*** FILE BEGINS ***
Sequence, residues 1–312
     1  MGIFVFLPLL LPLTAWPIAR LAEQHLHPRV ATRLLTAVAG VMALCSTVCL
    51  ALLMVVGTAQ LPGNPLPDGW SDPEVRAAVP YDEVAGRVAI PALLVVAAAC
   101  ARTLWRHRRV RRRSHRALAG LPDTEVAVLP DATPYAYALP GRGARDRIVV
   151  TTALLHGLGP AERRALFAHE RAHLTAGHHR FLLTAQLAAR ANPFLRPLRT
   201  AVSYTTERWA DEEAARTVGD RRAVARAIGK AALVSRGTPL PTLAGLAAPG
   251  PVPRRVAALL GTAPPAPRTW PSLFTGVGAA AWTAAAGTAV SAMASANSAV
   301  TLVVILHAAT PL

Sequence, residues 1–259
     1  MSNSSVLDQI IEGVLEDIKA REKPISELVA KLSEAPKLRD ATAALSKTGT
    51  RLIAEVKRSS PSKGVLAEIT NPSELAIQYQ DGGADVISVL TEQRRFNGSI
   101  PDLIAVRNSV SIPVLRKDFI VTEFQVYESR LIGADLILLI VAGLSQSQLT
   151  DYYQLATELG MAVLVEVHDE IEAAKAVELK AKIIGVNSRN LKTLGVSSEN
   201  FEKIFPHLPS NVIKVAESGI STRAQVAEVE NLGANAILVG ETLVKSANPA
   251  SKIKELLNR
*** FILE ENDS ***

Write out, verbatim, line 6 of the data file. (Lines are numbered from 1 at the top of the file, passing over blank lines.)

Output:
   201  AVSYTTERWA DEEAARTVGD RRAVARAIGK AALVSRGTPL PTLAGLAAPG